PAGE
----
Job-assured engineering courses turn major attraction for rural students in Pune
Every year the fee structure of all courses increases creating a huge problem for families that have a low overall income, especially those below the Rs. 1 lakh per annum markpune Updated: Jul 06, 2017 16:43 IST
A recent report by the Directorate of Technical Education (DTE) suggests that engineering courses have more rural aspirants than urban candidates.
An official from the Directorate of Technical Education stated, “We were trying to gauge the trend around engineering aspirants, and surprisingly we found that engineering colleges now have aspirants mostly coming from the rural parts of the state. These families have a yearly family income lower than Rs 1 lakh.”
As per the data, an approximate figure of 70,000 students applying for engineering courses were from rural areas, while 50,000 aspirants were from urban areas. The trend is because of favourable government policies and the problem of affordability of other courses, said Dayanand Meshram, DTE Joint Director.
“Every year the fee structure of all courses increases. This creates a huge problem for families that have a low overall income, especially those below the Rs. 1 lakh per annum mark. In such cases, it is the government incentives and subsidies that come to their rescue, without which they would not be in a position to continue education. Scholarships too open doors for them,” Meshram said.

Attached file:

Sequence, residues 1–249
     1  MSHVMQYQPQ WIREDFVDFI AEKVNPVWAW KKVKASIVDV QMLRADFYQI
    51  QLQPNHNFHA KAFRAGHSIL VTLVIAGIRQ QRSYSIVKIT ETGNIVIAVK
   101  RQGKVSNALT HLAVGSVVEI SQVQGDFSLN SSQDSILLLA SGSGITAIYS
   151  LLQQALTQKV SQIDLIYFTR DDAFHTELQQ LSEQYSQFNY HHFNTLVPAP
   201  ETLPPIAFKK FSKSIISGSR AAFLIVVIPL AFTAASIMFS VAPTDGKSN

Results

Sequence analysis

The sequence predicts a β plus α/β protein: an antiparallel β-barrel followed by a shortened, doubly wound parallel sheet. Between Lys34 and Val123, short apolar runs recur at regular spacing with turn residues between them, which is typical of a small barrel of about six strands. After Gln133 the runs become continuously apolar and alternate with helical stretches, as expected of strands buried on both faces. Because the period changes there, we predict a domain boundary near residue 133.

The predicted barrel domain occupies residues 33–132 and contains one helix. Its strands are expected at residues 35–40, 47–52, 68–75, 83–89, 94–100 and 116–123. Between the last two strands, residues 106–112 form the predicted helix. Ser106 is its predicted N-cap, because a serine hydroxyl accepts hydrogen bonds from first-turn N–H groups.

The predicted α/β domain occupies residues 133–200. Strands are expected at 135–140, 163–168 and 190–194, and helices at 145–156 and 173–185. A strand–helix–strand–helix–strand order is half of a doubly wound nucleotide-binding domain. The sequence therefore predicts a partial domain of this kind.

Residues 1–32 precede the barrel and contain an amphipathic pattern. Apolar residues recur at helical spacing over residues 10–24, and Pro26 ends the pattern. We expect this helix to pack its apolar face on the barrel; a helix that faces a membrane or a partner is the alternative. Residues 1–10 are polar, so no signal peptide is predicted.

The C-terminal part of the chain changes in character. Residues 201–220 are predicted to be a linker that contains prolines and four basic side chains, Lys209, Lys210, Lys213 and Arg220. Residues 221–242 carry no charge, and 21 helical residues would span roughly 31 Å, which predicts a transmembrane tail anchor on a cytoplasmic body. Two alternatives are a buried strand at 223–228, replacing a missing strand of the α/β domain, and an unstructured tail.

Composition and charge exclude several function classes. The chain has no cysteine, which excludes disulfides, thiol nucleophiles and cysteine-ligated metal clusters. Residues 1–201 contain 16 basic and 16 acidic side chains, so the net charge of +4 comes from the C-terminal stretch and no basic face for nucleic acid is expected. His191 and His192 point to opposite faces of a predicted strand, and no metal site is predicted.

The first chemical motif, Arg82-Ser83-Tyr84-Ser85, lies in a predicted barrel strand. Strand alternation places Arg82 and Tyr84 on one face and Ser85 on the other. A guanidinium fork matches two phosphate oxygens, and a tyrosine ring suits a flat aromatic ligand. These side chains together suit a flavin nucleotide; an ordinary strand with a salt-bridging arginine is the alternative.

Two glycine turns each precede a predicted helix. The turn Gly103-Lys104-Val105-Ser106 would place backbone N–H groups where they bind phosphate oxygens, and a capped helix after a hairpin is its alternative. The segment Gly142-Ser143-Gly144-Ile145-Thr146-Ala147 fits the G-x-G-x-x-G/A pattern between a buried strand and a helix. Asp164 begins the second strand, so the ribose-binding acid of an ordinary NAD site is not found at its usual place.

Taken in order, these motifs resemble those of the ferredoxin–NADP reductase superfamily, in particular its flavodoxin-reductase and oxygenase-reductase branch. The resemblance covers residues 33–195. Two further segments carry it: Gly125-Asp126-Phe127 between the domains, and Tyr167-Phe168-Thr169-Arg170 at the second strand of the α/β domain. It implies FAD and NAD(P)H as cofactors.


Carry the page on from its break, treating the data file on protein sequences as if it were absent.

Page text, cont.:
“The opportunity to get admitted to an engineering college in a city has a huge aspirational value for rural students. It is a dream come true, and now more and more students wish to attain it. Also, courses such as engineering and medical, traditionally have been held on a high pedestal, with considerably good placements. Pune being the Oxford of the east, engineering colleges have much better opportunities, facilities and eventually better placements than colleges in rural areas. This attracts a large number of students from rural spheres, into these courses,” said Dr Bharatkumar Ahuja, Director of College of Engineering, Pune (COEP).
“I believe there has come a realisation among rural students to expand their horizons, and educate themselves, which will help them both socially and economically.They are no longer just interested in conventional courses, they want to experiment. The only problem they face is of language, but they can overcome it,” adds Ashwini Deshmukh, Assistant Professor at Trinity College of Engineering and Research.
According to DTE, a total of 1.19 lakh candidates had registered to participate in the centralised admission process (CAP), and almost 50 per cent of them have a yearly family income lower than Rs 1 lakh. Among the rest, almost 31,000 students have been stated to have an annual family income of over Rs 5 lakh.